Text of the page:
Grandson of the priest Iddo, Zechariah prophesied to the people of Judah after they returned from their seventy years of exile in Babylon (Zechariah 1:1; Nehemiah 12:1, 4, 16). Zechariah’s grandfather returned from Babylon, his young grandson in tow, with the first group of Israelites allowed back, in 538 BC under the decree of Cyrus, king of Persia. Because of his family lineage, Zechariah was a priest in addition to a prophet. He, therefore, would have had an intimate familiarity with the worship practices of the Jews, even if he had never served in a completed temple. As a “young man” at the time of his first prophecies (Zechariah 2:4), his life more than likely extended into the reign of Xerxes I (485–465 BC), the king best known in the Bible for making Esther the queen of Persia (Esther 1:1).1
Where Are We?
Zechariah, a young man, especially when compared to his contemporary Haggai, came alongside the older prophet to deliver messages from the Lord to the Jewish remnant recently returned from Babylon. While Haggai’s overall message had more of a cautionary tone to it (pointing out the Jews’ sin and self-focus), Zechariah emphasized a tone of encouragement to the struggling Israelites trying to rebuild their temple.
Why is The Book of Zechariah so Important?
The book of Zechariah contains the clearest and the largest number of messianic (about the Messiah) passages among the Minor Prophets. In that respect, it’s possible to think of the book of Zechariah as a kind of miniature book of Isaiah. Zechariah pictures Christ in both His first coming (Zechariah 9:9) and His second coming (9:10–10:12). Jesus will come, according to Zechariah, as Savior, Judge, and ultimately, as the righteous King ruling His people from Jerusalem (14:8–9).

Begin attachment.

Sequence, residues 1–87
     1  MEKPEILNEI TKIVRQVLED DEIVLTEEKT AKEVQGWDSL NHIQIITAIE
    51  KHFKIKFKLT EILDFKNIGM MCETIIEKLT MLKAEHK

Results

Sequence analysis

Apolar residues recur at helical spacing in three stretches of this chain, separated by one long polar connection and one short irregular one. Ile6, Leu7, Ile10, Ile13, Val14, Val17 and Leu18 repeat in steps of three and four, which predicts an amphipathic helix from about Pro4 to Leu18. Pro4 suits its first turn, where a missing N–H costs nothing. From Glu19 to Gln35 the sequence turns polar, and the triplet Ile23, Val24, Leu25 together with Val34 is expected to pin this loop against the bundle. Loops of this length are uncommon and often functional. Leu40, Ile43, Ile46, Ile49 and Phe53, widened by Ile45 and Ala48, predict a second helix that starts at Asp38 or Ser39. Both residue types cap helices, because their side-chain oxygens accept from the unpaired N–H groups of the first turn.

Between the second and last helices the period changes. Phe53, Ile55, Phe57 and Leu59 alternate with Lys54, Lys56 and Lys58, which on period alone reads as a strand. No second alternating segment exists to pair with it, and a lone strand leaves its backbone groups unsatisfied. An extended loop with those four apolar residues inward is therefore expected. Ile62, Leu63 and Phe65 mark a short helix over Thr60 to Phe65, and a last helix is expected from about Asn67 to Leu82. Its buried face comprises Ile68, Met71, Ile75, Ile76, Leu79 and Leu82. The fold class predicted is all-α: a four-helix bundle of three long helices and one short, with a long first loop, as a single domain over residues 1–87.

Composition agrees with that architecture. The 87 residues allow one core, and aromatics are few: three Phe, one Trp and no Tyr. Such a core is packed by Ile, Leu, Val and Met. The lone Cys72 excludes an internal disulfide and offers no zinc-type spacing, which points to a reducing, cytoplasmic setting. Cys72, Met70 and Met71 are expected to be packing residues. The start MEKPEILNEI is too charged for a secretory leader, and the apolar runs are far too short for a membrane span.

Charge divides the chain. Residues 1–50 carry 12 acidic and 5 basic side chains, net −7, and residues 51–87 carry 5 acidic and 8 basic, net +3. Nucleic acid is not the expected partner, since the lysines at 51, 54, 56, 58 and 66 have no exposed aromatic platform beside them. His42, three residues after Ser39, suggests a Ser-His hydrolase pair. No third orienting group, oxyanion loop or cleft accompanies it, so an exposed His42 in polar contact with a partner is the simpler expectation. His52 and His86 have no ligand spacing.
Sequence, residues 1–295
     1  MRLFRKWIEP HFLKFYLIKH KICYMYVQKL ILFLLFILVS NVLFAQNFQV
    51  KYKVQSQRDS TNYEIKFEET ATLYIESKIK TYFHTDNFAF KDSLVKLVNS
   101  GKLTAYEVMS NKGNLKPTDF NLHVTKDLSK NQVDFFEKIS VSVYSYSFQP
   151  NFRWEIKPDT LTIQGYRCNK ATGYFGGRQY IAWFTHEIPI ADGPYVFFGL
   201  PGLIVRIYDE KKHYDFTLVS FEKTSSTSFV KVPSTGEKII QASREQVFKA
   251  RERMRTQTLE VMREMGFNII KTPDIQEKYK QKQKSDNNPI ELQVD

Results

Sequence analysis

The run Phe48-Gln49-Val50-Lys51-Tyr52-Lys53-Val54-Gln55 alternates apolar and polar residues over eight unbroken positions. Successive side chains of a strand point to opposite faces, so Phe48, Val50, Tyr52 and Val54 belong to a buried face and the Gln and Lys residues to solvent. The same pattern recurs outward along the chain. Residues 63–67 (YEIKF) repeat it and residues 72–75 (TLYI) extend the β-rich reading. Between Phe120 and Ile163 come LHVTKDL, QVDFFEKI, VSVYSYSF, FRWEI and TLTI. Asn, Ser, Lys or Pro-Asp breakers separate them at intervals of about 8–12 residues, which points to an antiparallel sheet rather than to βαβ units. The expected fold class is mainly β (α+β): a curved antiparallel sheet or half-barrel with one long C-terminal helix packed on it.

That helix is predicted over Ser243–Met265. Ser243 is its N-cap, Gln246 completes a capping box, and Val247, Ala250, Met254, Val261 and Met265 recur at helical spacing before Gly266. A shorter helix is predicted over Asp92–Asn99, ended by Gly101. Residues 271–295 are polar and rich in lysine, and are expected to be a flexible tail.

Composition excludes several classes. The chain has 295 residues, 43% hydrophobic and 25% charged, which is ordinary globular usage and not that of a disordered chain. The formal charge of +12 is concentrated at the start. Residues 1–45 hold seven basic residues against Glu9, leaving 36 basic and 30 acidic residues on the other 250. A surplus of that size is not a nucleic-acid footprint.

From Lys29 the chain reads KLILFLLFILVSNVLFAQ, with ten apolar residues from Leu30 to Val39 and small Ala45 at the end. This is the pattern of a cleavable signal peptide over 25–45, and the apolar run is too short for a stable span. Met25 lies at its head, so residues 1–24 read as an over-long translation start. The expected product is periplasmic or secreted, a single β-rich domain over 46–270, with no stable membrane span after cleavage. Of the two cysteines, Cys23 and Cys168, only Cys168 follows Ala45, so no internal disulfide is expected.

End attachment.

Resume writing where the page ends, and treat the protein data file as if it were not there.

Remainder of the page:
What's the Big Idea?
Israel (9:1–11:17), and then at His eventual reign when Israel will finally be delivered (12:1–14:21).
Angels appear throughout the Book of Zechariah. An angel restores the high priest Joshua in Zechariah 3. The first part of the book, Chapters One through Eight, contains eight symbolic visions of Zechariah. Chapters 1:8-12 and 6:1-8 may serve as a source of symbols and imagery for the Book of Revelation. Zechariah 7:3 relates the day of mourning (Tisha B'av) of the Israelites over the destruction of Jerusalem and the Temple of the Lord. Zechariah 7:12 speaks of the divine inspiration of the Law and Prophets.
VISIONS: Visions Match Each Other (1, 8; 2, 7; 3,6; 4,5; Bonus)
Four Horsemen (Rangers) - asks God for Mercy for His people. “The World is at Peace” (1:8-17)
Four Horns – (Past Sins) four Kingdoms who have divided Israel, Judah, and Jerusalem. God will repay by casting these nations out by Persia (1:18-21)
Measuring of the land or Rebuilding of Jerusalem (2:1-3)
Joshua dirty clothes are Israel’s sins. New clothes – God’s grace/forgiveness. Angels states if he remains faithful then Joshua will represent the new King (Jesus) (3:1-10)
Two Olive Trees giving Oil to the lamp - God’s message to Zerubbabel (Descendent of David) and Joshua building the temple. His work will be accomplished by the King.
Flying Scroll – is a curse on thieves and liars. Not found in the new Jerusalem (5:1-4)
Women in a Basket – represents wickedness. Israel’s past sins
Four Horsemen (Rangers) - asks God for Mercy for His people. “The North is at Rest” (6:1-8)
Joshua is given a crown and will represent the new priest (Jesus) if the people obey God’s covenant.
The nation will seek the Lord in Jerusalem. The BRANCH will be humble. The King is coming to them on a donkey in righteousness.
Satan – accuses Joshua but God chooses Jerusalem to denounce him. Joshua is giving clean clothes to wear. God tells Joshua His servant will remove the sin of the land.
Jerusalem – will be an immovable rock. The people will look upon Him whom they have pierced and will mourn. There will be a fountain to cleanse the sins and prophets will be removed from the land. 1/8, 2/7, 3/6, 4/5
Zion (City of David)
Mount Moriah (Temple Mount)
Cyrus the Great (Persian)
Zerubbabel (King From David’s Lineage)
Joshua (High Priest)
Following the Hebrew text, many translations of Esther call the king of Persia Ahasuerus, the Hebrew name for Xerxes.
F. Duane Lindsey, "Zechariah," in The Bible Knowledge Commentary: Old Testament, ed. John F. Walvoord and Roy B. Zuck (Wheaton, Ill.: Victor Books, 1985), 1545.
Bishop George L. Lockhart is the Pastor for the Lake Park area in Palm Beach County FL